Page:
At it's most basic, the pool table is a small battlefield. An excerpt from "The Art of War" is provided with how it applies to the competition between opponents.
This segment is from:
Chapter 10 - Terrain
Now an army is exposed to six several calamities, not arising from natural causes....
(If this is the first post you've seen, read the AWAP Introduction & instructions post.)
This information considers how battlefield strategies and tactics can be used to win more games. If this seems interesting, read these AWAP posts.
Now an army is exposed to six several calamities, not arising from natural causes, but from faults for which the general is responsible. These are: (1) flight, (2) insubordination, (3) collapse, (4) ruin, (5) disorganization, (6) rout.
- (1) Other conditions being equal, if one force is hurled against another ten times its size, the result will be the flight of the former.
- (2) When the common soldiers are too strong and their officers too weak, the result is insubordination.
- (3) When the officers are too strong and the common soldiers too weak, the result is collapse.
- (4) When the higher officers are angry and insubordinate, and on meeting the enemy, give battle on their own account from a feeling of resentment, before the commander-in-chief can tell whether or not he is in a position to fight, the result is ruin.
- (5) When the general is weak and without authority; when his orders are not clear and distinct; when there are no fixed duties assigned to officers and men, and the ranks are formed in a slovenly haphazard manner, the result is utter disorganization.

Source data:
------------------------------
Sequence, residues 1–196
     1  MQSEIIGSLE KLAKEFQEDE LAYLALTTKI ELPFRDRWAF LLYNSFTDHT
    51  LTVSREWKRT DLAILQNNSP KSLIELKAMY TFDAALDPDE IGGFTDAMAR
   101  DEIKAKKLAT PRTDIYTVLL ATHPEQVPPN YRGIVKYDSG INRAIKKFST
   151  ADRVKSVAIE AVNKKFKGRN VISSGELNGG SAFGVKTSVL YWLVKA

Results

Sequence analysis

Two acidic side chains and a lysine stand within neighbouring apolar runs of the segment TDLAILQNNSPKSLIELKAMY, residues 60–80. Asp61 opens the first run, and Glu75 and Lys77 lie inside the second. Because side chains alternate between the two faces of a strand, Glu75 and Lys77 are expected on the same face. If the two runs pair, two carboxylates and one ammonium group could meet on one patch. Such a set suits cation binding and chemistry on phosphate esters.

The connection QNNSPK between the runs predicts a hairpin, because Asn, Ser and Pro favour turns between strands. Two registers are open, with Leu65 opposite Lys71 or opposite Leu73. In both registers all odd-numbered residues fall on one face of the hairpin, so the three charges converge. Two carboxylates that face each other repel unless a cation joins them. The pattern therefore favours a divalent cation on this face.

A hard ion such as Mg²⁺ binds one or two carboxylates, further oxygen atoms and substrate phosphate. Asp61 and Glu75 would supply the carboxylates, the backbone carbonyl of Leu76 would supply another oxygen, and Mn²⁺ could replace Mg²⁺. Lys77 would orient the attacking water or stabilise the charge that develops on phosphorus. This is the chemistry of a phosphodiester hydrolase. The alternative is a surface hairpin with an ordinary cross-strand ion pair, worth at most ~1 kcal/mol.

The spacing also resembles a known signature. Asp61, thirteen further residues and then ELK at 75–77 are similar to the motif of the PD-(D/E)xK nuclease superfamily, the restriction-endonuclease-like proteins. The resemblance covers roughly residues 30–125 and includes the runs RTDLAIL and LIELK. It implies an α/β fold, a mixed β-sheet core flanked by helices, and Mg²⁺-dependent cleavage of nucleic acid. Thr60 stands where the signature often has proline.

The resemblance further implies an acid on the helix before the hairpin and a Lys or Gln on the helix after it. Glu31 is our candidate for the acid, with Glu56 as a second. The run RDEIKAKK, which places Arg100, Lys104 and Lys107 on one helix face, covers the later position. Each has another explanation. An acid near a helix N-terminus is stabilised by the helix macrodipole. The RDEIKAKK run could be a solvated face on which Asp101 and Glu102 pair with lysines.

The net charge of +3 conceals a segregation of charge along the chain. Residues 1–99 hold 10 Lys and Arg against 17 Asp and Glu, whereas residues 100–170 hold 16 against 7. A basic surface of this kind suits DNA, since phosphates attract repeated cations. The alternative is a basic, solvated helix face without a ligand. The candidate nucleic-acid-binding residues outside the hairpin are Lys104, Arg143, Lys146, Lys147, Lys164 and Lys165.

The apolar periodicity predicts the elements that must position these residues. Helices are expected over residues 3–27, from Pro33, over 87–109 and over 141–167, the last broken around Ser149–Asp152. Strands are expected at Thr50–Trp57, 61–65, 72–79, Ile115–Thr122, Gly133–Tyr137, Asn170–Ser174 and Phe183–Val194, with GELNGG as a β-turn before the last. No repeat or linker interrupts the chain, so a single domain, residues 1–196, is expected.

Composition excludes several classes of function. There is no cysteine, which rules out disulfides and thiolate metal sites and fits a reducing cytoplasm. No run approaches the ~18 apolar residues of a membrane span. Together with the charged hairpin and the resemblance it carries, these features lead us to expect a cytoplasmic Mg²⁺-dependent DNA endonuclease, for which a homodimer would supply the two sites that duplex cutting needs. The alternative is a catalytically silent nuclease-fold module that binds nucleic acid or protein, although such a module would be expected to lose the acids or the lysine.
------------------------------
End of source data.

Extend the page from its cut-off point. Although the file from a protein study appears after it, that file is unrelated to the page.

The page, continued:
- (6) When a general, unable to estimate the enemy’s strength, allows an inferior force to engage a larger one, or hurls a weak detachment against a powerful one, and neglects to place picked soldiers in the front rank, the result must be a rout.
These are six ways of courting defeat, which must be carefully noted by the general who has attained a responsible post.
In competition, there are several ways in which you can be defeated. These are your responsibilities to identify them as early as possible in order to attempt to counter them.
- If the opponent has superior skills (see note).
- If you are on the down side of your energy cycle.
- If you are tired or hungry.
- If you are unstable because of some outside influence (angry, upset, saddened, etc.).
- If you are careless of the consequences.
- If the game is of no importance to you.
- If you do not properly analyze the opponent.
- If you do not consider multiple tactics for each shot.
- If you are distracted from some activity (sharked).
- If you are in any other mental state than required for proper focus and attention.
Any of these conditions plus others that not enumerated here will lead to a defeat. Some defeats are more important than others. And some defeats should never have occurred. Other times, your attempts to recover begin too late in the match to be effective.
Note: when the opponent is of superior skill, it is important that you fight to the bitter end with all your strength and tenacity. At the same time, watch closely to see how your opponent responds to each attempt to slow him down.
Look for elements that can be added to your knowledge for future use. Make notes of shots and setups to practice and master. In all, if defeated, accept it as the price to pay for learning new responses and actions.
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